She Wrote

A young girl woke up and scanned the world for a place to begin her life, sharpened pencil in hand.

As she ventured out, she bent down every once in a while and wrote green grass and rainbow flowers onto the dirty gravel. When she got to a building, she wrote pink hair, orange feet, and indigo eyes onto the walls. She gave herself a couple more colors and read it a few times over, editing here and there. When she was satisfied, she walked on the newly written grass over to her house. No one was there. She wrote family onto the living room wall and left.

* * * * * * * *

Deciding that the world’s sky was too dark, she wrote blue. On the flat clouds, she wrote puffy and on the dying sun, she wrote bright. That night, lying on her bed of words under the stars she wrote, she read her world. She knew her world but she had no clue who she was. And she was alone. She rolled over and wrote friend.

Scanning the landscape, the expansive horizon, the seemingly endless, lonely world, she unwittingly wrote the word afraid in her mind. She thought of her bubble–broken with her sharpened pencil as a young child–and wondered if she should’ve stayed inside.

* * * * * * * *

The young woman read her own words for the 15th year in a row. She didn’t like what she read even though she tried her best throughout the years. Not knowing what to do, she wrote tears on her face.

Quickly, she realized she was wasting time and tried to erase the tears from her eyes, but there was no eraser on the pencil’s end. She’d have to let them fade with time. With that in mind, she walked on to finish her story so that her mark may be made upon the world before she left it.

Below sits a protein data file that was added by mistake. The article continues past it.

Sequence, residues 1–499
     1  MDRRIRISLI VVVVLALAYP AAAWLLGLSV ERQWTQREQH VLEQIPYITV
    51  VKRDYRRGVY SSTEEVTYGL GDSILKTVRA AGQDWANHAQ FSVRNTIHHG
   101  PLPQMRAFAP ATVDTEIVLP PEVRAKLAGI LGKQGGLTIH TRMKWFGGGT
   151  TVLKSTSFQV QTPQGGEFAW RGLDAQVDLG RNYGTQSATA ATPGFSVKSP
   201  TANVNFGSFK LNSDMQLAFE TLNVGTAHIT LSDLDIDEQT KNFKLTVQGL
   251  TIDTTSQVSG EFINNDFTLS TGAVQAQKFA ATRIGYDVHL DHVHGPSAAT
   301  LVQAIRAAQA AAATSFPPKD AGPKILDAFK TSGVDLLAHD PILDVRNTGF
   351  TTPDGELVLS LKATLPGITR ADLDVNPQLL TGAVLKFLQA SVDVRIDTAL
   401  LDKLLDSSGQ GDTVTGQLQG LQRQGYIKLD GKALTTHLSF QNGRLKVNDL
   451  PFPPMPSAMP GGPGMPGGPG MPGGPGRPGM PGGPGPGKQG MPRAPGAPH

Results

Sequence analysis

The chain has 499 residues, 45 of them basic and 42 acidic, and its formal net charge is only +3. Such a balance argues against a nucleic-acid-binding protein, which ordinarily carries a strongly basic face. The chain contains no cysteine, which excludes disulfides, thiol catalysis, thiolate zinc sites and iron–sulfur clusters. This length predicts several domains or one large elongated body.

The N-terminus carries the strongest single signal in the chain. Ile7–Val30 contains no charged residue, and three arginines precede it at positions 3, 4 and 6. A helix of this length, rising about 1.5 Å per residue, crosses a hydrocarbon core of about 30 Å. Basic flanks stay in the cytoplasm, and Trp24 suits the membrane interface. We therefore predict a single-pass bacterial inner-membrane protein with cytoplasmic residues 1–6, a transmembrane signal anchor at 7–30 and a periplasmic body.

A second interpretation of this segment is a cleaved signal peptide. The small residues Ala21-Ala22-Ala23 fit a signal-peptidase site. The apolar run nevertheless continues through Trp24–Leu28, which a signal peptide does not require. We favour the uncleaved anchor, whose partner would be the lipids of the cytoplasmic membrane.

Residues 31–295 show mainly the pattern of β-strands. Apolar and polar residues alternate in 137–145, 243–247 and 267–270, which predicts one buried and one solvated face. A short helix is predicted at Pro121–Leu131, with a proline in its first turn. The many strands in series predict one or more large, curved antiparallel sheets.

* * * * * * * *

The old woman glanced at her old memories, masterpieces and world. Back then, she thought she hadn’t much of a life. But in fact, she was writing it marvelously and facing the world valiantly. Since her younger years, she had transformed her scribbled words into exotic phrases and transfixing sentences.

With the now-dulled pencil lead, she wrote a smile on her cracked lips, light in her pale blue eyes, and love in her defeated heart. She no longer wanted an eraser. She knew all of her mistakes were fixable without one, and none of her memories needed erasing. Some of the sad faded away, smudged or overwritten, but the happy ones always stayed.

With this happiness, she read and read all that night until she fell asleep for the last time with a smile written on her face, dulled pencil in hand.

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